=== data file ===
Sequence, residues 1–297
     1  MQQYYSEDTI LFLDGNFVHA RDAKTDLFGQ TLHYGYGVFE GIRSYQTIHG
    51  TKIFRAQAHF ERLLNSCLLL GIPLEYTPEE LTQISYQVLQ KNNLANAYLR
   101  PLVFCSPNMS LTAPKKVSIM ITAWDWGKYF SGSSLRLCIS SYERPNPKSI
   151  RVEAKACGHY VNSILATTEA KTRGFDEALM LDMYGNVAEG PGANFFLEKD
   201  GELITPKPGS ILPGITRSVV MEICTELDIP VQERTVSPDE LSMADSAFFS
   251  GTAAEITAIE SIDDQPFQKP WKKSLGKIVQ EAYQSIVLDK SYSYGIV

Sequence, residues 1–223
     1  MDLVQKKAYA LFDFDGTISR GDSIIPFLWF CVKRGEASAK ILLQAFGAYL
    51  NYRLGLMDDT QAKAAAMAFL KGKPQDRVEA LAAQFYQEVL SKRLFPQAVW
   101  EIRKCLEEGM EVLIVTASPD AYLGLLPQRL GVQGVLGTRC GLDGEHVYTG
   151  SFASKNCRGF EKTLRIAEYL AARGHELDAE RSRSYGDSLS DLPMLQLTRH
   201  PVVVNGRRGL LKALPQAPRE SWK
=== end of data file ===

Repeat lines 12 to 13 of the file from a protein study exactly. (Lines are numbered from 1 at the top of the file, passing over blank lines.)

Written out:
   151  SFASKNCRGF EKTLRIAEYL AARGHELDAE RSRSYGDSLS DLPMLQLTRH
   201  PVVVNGRRGL LKALPQAPRE SWK